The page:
Feeding into Antisemitism
But it was too late – copies of Simonini’s letter were already circulating secretly within conservative elites at the beginning of the 19th century and causing damage. It was the letter’s first publication in 1878 in a conservative magazine called Le Contemporain that led it being quoted in various antisemitic conspiracy theory texts.
Today, Simonini’s letter is regarded as an influence in the publication of the Protocols of the Elders of Zion, a fake transcript of a secret meeting of Jewish leaders plotting world domination. This widely read conspiracy theory was first published in Russian in 1903.
Even though Simonini’s letter and the publication of the Protocols were ultimately a century apart, the conspiracy theory formed in 1806 was the starting point of a renewed debate about the role of Jews in European society. The conspiracy theories that emerged as part of this debate in the 19th and 20th centuries led to modern antisemitism and all its disastrous consequences.
Questions of Origin
Some researchers believe that Simonini’s letter could well be an invention from the 1870s – a time when antisemitism was rising in Europe and when it first appeared publicly in Le Contemporain.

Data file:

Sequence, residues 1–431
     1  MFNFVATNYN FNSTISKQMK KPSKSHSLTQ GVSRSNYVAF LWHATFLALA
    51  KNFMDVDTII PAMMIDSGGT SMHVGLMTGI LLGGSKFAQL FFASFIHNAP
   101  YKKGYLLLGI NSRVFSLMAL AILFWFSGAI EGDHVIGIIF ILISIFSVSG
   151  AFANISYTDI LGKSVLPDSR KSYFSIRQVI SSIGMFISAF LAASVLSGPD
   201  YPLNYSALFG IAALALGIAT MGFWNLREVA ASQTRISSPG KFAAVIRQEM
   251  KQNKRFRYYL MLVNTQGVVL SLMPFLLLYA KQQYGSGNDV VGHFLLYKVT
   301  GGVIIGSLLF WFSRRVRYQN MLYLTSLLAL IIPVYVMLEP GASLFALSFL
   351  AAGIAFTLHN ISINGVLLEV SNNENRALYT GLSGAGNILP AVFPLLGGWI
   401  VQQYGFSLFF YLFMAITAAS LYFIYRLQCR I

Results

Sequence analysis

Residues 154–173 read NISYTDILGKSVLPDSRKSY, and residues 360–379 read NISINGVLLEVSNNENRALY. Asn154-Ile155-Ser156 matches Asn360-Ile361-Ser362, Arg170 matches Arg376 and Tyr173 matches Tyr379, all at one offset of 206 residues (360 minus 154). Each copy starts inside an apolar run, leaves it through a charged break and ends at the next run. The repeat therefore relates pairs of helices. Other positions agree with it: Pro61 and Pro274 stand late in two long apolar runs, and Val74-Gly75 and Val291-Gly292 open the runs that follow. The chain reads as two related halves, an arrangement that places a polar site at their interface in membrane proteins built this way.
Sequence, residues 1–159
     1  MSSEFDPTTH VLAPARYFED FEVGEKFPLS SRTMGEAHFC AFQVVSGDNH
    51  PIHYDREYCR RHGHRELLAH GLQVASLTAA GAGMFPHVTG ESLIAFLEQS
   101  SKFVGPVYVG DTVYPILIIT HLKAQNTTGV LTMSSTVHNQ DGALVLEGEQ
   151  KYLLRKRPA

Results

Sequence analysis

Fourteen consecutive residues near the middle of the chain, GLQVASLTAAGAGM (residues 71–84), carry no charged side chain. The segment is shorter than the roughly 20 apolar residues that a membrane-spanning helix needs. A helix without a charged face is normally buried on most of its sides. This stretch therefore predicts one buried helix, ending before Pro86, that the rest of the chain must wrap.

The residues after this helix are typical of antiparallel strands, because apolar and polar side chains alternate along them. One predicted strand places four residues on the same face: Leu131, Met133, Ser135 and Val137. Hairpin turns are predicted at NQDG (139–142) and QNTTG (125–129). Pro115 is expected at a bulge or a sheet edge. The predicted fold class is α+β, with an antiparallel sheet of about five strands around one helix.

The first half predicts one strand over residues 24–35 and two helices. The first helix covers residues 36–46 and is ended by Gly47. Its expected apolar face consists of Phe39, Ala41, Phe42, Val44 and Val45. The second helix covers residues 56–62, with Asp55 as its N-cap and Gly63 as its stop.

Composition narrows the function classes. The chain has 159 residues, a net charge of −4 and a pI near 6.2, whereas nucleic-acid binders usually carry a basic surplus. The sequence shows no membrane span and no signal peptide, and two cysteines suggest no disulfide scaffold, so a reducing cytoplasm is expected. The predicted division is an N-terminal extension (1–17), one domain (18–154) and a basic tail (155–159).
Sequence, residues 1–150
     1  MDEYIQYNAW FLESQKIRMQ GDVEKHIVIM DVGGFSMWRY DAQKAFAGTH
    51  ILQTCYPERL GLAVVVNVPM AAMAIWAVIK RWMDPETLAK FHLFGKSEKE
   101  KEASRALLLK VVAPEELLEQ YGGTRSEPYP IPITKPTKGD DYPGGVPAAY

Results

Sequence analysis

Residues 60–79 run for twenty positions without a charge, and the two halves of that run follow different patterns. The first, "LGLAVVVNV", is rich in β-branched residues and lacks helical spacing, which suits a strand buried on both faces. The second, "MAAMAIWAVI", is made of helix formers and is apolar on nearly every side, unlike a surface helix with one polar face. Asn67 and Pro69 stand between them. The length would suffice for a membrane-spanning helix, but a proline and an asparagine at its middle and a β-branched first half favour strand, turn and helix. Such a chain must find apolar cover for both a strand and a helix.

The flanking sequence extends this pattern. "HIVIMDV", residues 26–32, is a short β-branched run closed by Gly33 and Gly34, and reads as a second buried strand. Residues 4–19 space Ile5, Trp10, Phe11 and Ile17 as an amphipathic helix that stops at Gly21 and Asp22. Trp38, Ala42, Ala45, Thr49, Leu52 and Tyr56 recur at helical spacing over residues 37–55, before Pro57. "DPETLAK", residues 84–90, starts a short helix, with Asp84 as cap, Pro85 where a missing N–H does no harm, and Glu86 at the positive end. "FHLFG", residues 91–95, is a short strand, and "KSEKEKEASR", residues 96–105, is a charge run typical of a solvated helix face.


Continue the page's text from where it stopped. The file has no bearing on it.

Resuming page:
Others assume that Barruel could have written the letter himself. Yet others believe that Simonini’s letter was fabricated by the French police and sent to Barruel owing to his prominence.
My own research has documented how various copies of the letter from the early 1800s have been discovered in Western and Eastern European archives in recent years. This means that the letter is certainly not a product of the 1870s. Nor is it conceivable, based on Barruel’s comments, that he invented it himself.
The problem is that the original copy of the Simonini letter has never been found. It’s believed to be somewhere in the Vatican Apostolic Archive – but so far this has not been verified.
Originally published by The Conversation, 03.31.2020, under the terms of a Creative Commons Attribution/No derivatives license.